Winter time in South Africa is when the days are cold and the nights are long. This time of the year can be a very sad time. It’s often too cold to go out leaving you stuck indoors with ample time on your hands. This makes it the perfect time to escape to sunny shores and warmer days. The Daily Vox team has put together a handy list of “summer” books to waste away the time.
In this latest release from Jenn Bennett, Serious Moonlight combines mystery and magic to make for a thrilling story. Set in a mysterious Seattle hotel, the book follows Birdie Lindberg. Birdie lost her mom when she was very young and was brought up by her strict grandmother. She spends her time reading mystery novels and living vicariously through them. Starting a new job this summer, Birdie is hoping to reinvent herself and find an adventure for herself. Together with the interesting Daniel Aoki, Birdie spends the summer solving the mysteries of the hotel and her family. It ends up with her trying to find a solution to the biggest mystery of all: the answer to her heart. There’s the awkwardness of first loves and romances and summer in the city – what more could you ask for.
Don’t Date Rosa Santos
If the beautiful cover doesn’t draw you, this story will. Written by Nina Moreno, Don’t Date Rosa Santos is about curses and first loves. However, the ultimate summer holiday vibes of the book’s setting is an immediate pull-in. The book is set in Port Coral, a quirky seaside town in Florida where it seems like summer is all year round. Main character Rosa’s grandmother is from Cuba and there is plenty of reference to the beauty of Havana which makes for pleasant reading. There is a family drama, strong female characters and a town organised “Save the Harbour” project. The book deals with intergenerational trauma and memory which takes a cute book and makes it truly powerful.
With the Fire on High
Emoni Santiago has a lot going on. She has to work to put herself through school as well as her four-year-old baby girl. Add in a mostly MIA dad and worries about the future sums up what is going with Emoni. However, she’s in her senior year at high school and this year the school has added a culinary class. If there is one place that gives Emoni peace and clarity it’s the kitchen. Using just a few ingredients, Emoni can reduce people to tears and bring back lost memories with her dishes. This is not a book to read on an empty stomach especially when Emoni is whipping up some delicious stews and desserts. But it is a magical read.
There’s Something About Sweetie
Sandhya Menon’s books are like Bollywood movies in young adult form. All of her books read like a well-written melodrama complete with songs, angst, disapproving parents and happy endings. In her latest release, we meet Sweetie. She is a highschool student on the track team whose mother think she is overweight. Sweetie is not about that life and is totally confident and comfortable in her own skin. The best part of this book is that while the romance between Sweetie and Ashish is totally adorable, it isn’t the main part. The story is actually about Sweetie learning to love herself and show her mother why that’s so important.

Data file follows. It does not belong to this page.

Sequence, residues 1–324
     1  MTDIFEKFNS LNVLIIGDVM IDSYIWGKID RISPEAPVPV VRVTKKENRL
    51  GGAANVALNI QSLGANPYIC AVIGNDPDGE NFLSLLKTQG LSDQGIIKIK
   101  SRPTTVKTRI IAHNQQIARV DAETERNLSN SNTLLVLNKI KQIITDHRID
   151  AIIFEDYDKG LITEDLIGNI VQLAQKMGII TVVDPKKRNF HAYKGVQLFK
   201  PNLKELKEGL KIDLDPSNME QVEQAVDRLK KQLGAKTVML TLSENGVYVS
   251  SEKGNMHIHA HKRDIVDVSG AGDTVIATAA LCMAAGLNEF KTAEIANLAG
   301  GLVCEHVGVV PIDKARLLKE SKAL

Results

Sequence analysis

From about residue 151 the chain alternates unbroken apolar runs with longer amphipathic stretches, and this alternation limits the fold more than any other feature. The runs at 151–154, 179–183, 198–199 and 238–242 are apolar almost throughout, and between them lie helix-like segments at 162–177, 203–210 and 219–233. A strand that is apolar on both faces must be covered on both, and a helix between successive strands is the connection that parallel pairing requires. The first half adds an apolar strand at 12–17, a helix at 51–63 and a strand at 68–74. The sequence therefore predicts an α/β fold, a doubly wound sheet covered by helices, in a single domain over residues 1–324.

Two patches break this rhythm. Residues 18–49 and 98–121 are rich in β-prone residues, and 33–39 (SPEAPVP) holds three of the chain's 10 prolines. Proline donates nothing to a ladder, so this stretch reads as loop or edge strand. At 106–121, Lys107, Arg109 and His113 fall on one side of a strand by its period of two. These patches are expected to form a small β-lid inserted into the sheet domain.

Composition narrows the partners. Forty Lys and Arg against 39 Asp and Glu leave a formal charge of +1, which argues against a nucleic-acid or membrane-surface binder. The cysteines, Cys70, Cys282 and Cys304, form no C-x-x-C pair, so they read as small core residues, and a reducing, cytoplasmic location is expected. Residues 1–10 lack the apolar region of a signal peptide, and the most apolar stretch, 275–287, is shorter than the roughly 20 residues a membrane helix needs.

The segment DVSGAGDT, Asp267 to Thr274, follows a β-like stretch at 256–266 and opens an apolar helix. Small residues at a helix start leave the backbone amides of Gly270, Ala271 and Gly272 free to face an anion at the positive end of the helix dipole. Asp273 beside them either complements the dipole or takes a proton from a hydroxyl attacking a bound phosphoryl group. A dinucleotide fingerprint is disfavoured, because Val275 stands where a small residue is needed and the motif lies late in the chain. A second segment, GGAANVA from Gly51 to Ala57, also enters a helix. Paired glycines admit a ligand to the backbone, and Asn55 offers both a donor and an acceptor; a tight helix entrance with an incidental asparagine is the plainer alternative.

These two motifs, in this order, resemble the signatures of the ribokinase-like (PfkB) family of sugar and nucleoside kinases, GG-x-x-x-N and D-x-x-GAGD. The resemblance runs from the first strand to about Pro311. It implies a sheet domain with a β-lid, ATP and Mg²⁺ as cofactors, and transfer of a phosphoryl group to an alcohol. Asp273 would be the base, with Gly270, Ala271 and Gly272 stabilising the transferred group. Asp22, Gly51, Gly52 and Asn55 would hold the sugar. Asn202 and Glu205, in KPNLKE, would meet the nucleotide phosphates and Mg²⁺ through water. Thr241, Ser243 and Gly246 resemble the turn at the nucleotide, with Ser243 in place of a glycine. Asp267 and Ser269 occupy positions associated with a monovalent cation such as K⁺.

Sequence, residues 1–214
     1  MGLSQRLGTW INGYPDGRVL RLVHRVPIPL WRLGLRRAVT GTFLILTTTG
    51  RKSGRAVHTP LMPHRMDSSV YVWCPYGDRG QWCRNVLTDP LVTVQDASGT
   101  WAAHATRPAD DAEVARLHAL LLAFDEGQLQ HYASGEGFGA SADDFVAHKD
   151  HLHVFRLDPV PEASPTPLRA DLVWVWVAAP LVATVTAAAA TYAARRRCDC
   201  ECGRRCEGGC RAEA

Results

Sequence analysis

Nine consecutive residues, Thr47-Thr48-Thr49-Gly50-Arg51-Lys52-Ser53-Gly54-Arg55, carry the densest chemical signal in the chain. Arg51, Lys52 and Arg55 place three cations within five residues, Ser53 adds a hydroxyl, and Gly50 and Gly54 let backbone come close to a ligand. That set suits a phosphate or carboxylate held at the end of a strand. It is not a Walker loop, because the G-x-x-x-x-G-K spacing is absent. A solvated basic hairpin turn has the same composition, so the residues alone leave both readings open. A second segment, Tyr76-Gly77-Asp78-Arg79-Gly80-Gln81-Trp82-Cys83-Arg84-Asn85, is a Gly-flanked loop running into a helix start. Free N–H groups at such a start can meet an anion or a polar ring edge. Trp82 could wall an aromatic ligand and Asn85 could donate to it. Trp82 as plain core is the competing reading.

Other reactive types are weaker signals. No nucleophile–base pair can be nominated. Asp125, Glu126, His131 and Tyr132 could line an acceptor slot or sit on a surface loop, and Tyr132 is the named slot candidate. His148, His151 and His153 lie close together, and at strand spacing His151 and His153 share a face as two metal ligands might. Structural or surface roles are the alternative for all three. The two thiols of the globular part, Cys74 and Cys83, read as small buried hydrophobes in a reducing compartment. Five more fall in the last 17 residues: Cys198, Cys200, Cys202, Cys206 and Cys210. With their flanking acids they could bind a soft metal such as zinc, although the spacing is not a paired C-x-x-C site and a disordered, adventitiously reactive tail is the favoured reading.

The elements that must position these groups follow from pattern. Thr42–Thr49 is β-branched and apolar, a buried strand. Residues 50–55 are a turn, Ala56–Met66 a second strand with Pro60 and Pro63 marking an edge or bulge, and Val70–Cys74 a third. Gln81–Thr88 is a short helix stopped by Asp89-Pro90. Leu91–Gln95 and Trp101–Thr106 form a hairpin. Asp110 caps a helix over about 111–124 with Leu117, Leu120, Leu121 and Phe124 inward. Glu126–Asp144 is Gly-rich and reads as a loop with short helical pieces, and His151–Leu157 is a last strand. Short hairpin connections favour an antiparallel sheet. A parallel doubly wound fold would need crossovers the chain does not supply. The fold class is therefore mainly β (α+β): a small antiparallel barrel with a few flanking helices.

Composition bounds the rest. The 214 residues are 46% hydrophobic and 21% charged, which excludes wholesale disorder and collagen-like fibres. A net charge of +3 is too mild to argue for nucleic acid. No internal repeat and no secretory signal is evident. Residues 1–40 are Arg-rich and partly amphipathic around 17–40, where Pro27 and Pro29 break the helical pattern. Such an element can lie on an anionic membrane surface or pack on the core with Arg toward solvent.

Somewhere Only We Know
K-pop is the hottest thing at the moment. You just can’t escape it. Whether it’s playing on the radio or the biggest stars appearing on all of the shows, these Korean pop stars are everywhere. In her latest book, Maurene Goo brings together two unlikely leads: a K-pop star and a tabloid photographer. Lucky is tired of her life of a K-pop star. She loves performing and interacting with her fans but is so over all of the things that come with fame. Escaping her manager, she meets Jack, a tabloid photographer out to make a big break. The two spend the day together but when Lucky finds out who Jack is, the real drama begins.
Field Notes On Love
A train trip across America with a stranger sounds like a combination for a slight disaster. Well, that’s the premise for Field Notes On Love. Hugo had planned to go on a trip with his girlfriend before she dumped him. Stuck with a non-transferable ticket for a Margaret C, Hugo finds a new Margaret C to accompany on the trip. The pair are from opposite ends of the world and don’t know anything about each other. Just like the gentle lulling of a train, this book is a lovely and slow-paced look at what happens when stepping out of a comfort zone.
A fantasy book set in Seoul reading like a Korean drama sums up Wicked Fox. Part of a series, this book is about a mythical Korean creature, the gumiho which is a nine-tailed fox. Minyoung is part gumiho and part human. She and her mother who is full gumiho are always forced to be on the move when their “lifestyles” are exposed. In order to survive, they have to feed on the “gi” or souls of men. Minyoung hates what being gumiho means especially as it prevents her from being a normal teenager. While attending her new school, she meets Jihoon, a seemingly carefree boy with some dark secrets of his own. The various twists and turns of the book will leave you wanting that second book as soon as possible.
Black Enough: Stories of Being Young & Black in America
Black Enough is not just one story but a whole anthology of different stories to suit everyone’s tastes. Ibi Zoboi, National Book Award finalist edited this collection of works. It looks at the daily experiences and struggles of black teens across the country. The anthology features young people from a whole spectrum of backgrounds. There is urban and rural, wealthy and poor, mixed race, immigrants, and more. Some of the best of the best from YA have added their voices to the collection making all of the stories masterpieces.